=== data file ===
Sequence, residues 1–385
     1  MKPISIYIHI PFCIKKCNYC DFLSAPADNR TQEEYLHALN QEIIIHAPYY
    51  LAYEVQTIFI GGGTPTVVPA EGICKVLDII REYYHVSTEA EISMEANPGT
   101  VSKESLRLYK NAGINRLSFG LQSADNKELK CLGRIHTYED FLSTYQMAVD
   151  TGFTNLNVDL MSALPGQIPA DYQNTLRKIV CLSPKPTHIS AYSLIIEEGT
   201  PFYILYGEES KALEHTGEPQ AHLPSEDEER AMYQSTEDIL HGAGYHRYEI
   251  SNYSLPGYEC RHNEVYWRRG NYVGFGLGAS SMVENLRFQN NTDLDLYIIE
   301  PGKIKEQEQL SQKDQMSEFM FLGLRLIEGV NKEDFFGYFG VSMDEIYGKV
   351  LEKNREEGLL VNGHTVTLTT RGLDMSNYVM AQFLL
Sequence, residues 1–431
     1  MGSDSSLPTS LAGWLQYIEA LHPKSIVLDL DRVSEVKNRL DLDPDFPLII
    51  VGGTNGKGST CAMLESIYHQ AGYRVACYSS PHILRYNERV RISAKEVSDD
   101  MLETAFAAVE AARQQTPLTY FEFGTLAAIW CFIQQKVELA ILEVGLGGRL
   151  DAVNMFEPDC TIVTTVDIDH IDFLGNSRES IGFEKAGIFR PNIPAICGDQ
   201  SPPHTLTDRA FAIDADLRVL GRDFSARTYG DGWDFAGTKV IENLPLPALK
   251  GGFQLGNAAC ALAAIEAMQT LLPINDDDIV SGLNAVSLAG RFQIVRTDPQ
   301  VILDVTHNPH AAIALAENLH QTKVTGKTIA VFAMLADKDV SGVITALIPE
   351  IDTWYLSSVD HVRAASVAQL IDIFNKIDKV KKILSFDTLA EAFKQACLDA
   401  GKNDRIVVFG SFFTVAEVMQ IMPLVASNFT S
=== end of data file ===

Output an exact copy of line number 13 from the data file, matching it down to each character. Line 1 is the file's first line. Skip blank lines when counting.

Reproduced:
   101  MLETAFAAVE AARQQTPLTY FEFGTLAAIW CFIQQKVELA ILEVGLGGRL